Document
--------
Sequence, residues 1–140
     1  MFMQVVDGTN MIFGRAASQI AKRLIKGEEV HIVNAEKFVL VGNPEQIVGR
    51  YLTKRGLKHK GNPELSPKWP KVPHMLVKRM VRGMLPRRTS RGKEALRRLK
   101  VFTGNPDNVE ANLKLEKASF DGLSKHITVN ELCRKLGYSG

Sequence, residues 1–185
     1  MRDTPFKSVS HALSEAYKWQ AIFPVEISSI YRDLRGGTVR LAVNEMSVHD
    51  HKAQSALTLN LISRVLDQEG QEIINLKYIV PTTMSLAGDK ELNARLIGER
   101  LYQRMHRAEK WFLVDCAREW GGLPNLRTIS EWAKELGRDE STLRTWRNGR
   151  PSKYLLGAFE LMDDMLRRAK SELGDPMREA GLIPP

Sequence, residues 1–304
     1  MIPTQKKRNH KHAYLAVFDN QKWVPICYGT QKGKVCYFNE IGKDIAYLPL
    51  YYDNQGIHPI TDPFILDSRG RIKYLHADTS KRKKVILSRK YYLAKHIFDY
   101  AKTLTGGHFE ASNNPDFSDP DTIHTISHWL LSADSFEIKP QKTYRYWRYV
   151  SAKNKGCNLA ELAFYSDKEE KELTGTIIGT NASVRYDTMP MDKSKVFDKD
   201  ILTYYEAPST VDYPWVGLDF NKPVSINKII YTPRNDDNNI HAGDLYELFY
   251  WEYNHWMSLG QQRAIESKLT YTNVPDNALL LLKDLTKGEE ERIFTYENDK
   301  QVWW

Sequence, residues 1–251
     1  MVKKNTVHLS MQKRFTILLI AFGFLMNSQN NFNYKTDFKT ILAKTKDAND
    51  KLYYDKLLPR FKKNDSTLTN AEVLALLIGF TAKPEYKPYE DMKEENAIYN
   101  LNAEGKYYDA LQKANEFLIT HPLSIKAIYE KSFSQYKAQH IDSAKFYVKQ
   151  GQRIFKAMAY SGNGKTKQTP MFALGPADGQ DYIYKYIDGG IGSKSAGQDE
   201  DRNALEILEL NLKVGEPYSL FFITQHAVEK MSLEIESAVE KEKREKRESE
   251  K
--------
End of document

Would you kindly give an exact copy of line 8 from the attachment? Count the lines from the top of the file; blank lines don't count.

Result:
   101  LYQRMHRAEK WFLVDCAREW GGLPNLRTIS EWAKELGRDE STLRTWRNGR